FERC Admits Energy Ripoff But Davis Wants Consumers To Pay

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FTCR Says Davis Should Reverse Support for Utility Bailouts, Get Money Back to Consumers

Santa Monica, CA. — Now that the Federal Energy Regulatory Commission has acknowledged that energy companies created the electricity crisis in 2001, Governor Davis should stop insisting that ratepayers pay the $45 billion cost of the crisis, the Foundation for Taxpayer and Consumer Rights (FTCR) said today.

Gov. Davis has frequently blamed FERC and the energy companies for the energy debacle. But as recently as last week, Davis urged the California Supreme Court to uphold an illegal deal made by Davis’s PUC which forces residential ratepayers to pay off the $3.6 billion in deregulation debts of Southern California Edison. He has offered a similar deal to PG&E that will cost its residential customers as much as $10 billion.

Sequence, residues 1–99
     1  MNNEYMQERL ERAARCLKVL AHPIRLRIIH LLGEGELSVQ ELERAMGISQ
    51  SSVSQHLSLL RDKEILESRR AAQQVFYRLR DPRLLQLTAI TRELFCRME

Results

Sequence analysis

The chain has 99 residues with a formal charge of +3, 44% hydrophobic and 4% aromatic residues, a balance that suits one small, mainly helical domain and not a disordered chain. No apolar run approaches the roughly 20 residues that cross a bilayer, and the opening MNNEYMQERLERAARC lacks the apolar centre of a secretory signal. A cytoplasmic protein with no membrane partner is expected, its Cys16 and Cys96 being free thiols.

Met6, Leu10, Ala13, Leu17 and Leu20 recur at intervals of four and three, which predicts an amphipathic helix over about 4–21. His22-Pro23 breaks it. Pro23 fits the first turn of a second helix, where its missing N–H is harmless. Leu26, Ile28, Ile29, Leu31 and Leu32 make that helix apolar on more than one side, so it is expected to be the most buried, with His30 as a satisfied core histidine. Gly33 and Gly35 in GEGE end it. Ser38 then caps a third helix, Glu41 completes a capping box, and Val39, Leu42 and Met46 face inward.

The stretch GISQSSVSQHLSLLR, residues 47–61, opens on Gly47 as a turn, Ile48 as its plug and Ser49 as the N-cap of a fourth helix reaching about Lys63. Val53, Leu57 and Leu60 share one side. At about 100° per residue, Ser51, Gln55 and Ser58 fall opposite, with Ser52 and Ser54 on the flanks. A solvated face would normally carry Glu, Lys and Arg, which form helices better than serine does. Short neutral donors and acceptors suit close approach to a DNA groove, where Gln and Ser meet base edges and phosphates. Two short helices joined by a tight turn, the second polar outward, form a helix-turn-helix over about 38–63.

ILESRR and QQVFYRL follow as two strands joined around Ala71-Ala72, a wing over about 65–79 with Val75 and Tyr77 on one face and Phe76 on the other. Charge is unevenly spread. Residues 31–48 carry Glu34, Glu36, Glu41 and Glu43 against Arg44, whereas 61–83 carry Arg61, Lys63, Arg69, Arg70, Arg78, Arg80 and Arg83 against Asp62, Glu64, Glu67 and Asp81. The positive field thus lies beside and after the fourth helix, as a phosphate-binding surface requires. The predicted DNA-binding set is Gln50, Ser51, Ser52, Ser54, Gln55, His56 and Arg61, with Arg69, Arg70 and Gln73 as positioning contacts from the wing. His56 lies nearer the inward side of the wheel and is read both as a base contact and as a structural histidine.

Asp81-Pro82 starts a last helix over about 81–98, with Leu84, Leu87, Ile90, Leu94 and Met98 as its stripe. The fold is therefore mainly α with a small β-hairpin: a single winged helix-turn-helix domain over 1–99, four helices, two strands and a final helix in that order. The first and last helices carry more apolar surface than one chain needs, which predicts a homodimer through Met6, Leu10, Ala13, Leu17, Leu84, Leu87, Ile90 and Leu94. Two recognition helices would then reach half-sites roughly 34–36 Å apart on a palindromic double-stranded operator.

California consumers have paid a total of $70 billion in extra costs from the deregulation debacle (the cost of the energy crisis of 2001 plus other costs associated with the 1996 deregulation law).

FTCR, which successfully blocked Davis-backed legislation to bail out Edison in 2001, said that “if Davis wants to save the public some money, he should withdraw his support for the illegal bailout engineered by his Public Utilities Commission, which the 9th Circuit has determined to be illegal and which is now before the California Supreme Court.”

“Why should the innocent victims of the energy rip-off be forced to pay for it?” said Harvey Rosenfield, FTCR president. “As Gov. Davis himself has said, the culprits in this stupendous rip-off were the energy companies, and they should be the ones to pay for the utilities’ losses under deregulation. Instead, the Governor wants residential and small business ratepayers to pick up the tab for Edison and PG&E‘s losses — estimated at $15 billion — after these two companies pocketed over $20 billion in gains from deregulation. The utility companies opened the door to the crooks by sponsoring the 1996 deregulation law. Let the utilities collect the money from the energy companies — not from California’s consumers, who have so far picked up the entire tab for the deregulation disaster.”

Consumer Watchdog
Consumer Watchdog
Providing an effective voice for American consumers in an era when special interests dominate public discourse, government and politics. Non-partisan.

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